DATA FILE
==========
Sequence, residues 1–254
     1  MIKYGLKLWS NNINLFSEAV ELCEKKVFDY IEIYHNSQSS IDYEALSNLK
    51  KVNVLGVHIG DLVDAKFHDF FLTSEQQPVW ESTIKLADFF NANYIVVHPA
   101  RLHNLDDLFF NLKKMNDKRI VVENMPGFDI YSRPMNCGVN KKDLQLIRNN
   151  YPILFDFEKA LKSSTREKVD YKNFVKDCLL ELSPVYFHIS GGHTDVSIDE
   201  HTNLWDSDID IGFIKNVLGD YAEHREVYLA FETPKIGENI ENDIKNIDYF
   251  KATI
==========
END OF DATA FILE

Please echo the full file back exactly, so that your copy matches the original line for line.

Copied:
Sequence, residues 1–254
     1  MIKYGLKLWS NNINLFSEAV ELCEKKVFDY IEIYHNSQSS IDYEALSNLK
    51  KVNVLGVHIG DLVDAKFHDF FLTSEQQPVW ESTIKLADFF NANYIVVHPA
   101  RLHNLDDLFF NLKKMNDKRI VVENMPGFDI YSRPMNCGVN KKDLQLIRNN
   151  YPILFDFEKA LKSSTREKVD YKNFVKDCLL ELSPVYFHIS GGHTDVSIDE
   201  HTNLWDSDID IGFIKNVLGD YAEHREVYLA FETPKIGENI ENDIKNIDYF
   251  KATI